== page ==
The Importance of the Plot in Shakespeare’s Works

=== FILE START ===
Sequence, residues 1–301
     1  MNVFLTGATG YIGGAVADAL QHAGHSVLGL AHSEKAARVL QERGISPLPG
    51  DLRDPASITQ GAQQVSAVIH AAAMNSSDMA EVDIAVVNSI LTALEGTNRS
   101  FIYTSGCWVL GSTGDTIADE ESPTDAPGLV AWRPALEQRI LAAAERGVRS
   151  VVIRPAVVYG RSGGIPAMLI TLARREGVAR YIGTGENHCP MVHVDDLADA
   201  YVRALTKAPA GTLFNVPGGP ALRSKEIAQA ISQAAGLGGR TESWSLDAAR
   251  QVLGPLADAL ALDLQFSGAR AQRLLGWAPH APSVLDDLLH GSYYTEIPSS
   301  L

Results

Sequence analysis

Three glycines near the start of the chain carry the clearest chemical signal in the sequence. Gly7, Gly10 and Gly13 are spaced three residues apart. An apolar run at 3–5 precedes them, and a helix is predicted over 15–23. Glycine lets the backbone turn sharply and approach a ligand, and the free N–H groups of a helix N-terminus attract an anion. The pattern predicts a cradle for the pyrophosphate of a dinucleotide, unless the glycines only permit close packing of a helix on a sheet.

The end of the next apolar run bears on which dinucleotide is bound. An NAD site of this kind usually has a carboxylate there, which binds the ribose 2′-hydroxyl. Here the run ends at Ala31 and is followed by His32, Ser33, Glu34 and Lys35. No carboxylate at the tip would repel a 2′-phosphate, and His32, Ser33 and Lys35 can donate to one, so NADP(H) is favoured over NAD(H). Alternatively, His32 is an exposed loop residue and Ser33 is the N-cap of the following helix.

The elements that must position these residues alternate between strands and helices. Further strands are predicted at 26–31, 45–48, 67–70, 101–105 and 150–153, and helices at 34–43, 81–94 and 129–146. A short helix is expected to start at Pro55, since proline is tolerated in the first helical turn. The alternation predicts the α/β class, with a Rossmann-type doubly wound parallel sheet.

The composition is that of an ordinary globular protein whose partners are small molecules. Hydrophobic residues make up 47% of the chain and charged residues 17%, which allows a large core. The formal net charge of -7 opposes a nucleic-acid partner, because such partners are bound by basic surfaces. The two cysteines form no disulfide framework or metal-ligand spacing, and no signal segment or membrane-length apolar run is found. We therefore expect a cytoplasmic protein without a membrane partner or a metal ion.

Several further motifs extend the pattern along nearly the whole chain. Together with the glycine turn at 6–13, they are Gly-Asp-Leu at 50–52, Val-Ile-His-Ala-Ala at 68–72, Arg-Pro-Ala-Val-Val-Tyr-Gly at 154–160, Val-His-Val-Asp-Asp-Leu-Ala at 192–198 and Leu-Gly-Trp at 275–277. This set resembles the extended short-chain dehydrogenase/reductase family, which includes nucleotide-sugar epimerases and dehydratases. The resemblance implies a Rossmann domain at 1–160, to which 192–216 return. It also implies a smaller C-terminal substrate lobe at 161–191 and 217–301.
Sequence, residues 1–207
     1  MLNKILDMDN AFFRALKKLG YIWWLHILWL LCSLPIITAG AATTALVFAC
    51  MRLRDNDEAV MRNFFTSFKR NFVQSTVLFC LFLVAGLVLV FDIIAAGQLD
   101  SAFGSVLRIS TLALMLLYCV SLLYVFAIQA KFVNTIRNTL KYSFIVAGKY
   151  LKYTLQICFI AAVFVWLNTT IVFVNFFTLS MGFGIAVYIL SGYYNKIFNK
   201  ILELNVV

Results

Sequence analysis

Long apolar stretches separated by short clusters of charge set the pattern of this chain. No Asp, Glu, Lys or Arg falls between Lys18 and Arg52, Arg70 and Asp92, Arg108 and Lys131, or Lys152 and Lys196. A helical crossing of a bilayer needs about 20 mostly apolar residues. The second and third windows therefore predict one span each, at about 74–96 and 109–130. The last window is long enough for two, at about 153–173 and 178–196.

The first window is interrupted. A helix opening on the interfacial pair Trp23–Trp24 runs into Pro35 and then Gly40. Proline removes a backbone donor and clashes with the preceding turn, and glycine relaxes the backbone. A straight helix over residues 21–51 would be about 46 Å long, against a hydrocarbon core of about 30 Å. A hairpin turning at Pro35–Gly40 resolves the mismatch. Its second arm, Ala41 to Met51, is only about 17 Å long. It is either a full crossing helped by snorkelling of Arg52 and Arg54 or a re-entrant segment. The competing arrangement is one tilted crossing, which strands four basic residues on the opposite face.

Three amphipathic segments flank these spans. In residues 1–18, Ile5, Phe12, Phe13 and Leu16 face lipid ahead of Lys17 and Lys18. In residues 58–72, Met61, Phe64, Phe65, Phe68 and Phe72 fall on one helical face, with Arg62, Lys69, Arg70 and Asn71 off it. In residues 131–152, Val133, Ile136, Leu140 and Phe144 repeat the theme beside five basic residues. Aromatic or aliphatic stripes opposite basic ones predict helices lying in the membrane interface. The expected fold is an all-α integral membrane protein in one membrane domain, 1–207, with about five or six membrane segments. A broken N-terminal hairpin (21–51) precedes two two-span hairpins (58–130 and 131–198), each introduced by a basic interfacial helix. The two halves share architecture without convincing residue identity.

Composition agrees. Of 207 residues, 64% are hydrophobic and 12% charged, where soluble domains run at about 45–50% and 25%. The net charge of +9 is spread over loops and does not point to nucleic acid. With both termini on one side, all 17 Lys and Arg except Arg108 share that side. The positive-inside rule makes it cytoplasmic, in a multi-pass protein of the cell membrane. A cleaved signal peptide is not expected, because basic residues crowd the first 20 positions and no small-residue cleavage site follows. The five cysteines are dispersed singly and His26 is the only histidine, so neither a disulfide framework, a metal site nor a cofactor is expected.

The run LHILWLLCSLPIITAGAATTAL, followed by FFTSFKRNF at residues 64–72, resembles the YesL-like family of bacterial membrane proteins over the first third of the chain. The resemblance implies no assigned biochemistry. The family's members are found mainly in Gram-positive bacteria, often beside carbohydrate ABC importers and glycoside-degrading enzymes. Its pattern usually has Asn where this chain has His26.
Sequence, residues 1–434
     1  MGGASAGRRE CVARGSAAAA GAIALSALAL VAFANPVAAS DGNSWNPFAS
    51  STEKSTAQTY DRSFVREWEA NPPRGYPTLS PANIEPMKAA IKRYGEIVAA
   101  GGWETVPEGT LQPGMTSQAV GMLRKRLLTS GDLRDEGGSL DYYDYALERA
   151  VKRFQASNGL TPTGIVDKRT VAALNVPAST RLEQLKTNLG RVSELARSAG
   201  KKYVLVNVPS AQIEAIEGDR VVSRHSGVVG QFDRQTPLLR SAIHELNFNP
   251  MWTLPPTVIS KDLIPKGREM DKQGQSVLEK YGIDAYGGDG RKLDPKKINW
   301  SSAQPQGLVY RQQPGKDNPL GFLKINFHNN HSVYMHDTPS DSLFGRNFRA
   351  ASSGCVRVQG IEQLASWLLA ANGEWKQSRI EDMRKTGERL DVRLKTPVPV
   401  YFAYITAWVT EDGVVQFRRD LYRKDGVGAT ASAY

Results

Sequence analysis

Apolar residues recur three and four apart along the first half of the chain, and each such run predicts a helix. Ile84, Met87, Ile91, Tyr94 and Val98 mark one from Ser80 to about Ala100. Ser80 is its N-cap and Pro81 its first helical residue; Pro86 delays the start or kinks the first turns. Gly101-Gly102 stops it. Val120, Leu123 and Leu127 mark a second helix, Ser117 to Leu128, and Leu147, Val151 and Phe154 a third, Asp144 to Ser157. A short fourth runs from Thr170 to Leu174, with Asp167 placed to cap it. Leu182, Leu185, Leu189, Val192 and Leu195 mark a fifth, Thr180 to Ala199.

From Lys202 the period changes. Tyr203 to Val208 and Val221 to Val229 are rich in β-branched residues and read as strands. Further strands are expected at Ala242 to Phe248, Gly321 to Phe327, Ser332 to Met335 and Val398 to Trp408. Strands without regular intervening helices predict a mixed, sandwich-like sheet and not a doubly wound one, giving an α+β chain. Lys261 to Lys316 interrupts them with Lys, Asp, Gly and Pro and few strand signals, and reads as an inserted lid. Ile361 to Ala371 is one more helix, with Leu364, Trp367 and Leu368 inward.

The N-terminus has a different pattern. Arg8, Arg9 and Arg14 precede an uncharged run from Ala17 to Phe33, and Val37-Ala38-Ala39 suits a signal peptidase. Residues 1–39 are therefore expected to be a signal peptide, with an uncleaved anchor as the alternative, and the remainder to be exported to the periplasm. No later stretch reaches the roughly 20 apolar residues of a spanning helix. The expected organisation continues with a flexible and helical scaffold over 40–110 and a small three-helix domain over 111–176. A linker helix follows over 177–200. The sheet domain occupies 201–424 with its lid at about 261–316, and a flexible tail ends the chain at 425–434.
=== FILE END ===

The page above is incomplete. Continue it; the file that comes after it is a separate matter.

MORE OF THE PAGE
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Children these days are always told that they have their own talents; they just have to search for them. However some talents people aren’t born with, they are learned. When it comes to writing skills, there are three important qualities. Content, characters, and plot development. Due to creativity, content is fairly easy to come by. Once a person has decided what they’re going to write, characters are just a matter of imagination. Yet, the development of the plot is a hard process. The way in which the plot is developed shows the intent of the writer. Kate Mosse said it best: “A story is just the stuff that happened; plot is the intrigue of how and why. Yet in writing courses and workbooks, plot is often the poor relation of those apparently superior skills of characterisation, dialogue and style.” (Mosse, 2011) A better writer finds ways to spice up the plot. One of the best literary artists, William Shakespeare, found ways to have fun with the plots of various pieces. His works include King Lear and Much Ado About Nothing in which the plots contrast in their set-up, but they compare in the their intensity. First of all, we must understand the plot development of William Shakespeare’s book King Lear. David Walsh describes this text as: "King Lear is among the most complex and contradictory of Shakespeare’s works." (Walsh, 2002) This book is about a man, King Lear, who is about to give up his throne to one of his three daughters. He asks each of them to confess their love for him. Two of them, Goneril and Reagan, lie and suck up to him. Whereas, his only loyal daughter, Cordelia, refuses to sink to their level. This causes King Lear to get very angry and expel his daughter from the kingdom. Later, another man, Gloucester,... ... middle of paper ... ...tm>. This gave information about Shakespeare's style. Richter, Natasha. "A Second Look at Don John, Shakespeare's Most Passive Villain." Student Pulse. Student Pulse, 2010. Web. 20 Jan. 2014. a-second-look-at-don-john-shakespeares-most-passive-villain>. This gave information about Don John. Vancouver Sun. "Shakespeare Still Relevant In Our Fast Paced World." Canada.com. Postmedia Network, 12 June 2010. Web. 20 Jan. 2014. story.html?id=0c8ab9bc-e9d0-4339-adbb-1d3cef5c62a6>. This gave information about Shakespeare. Walsh, David. "The Element of Social Tragedy in King Lear." World Socialist Web Site. WSWS, 21 Nov. 2002. Web. 20 Jan. 2014. en/articles/2002/11/lear-n21.html>. This gave information about King Lear.

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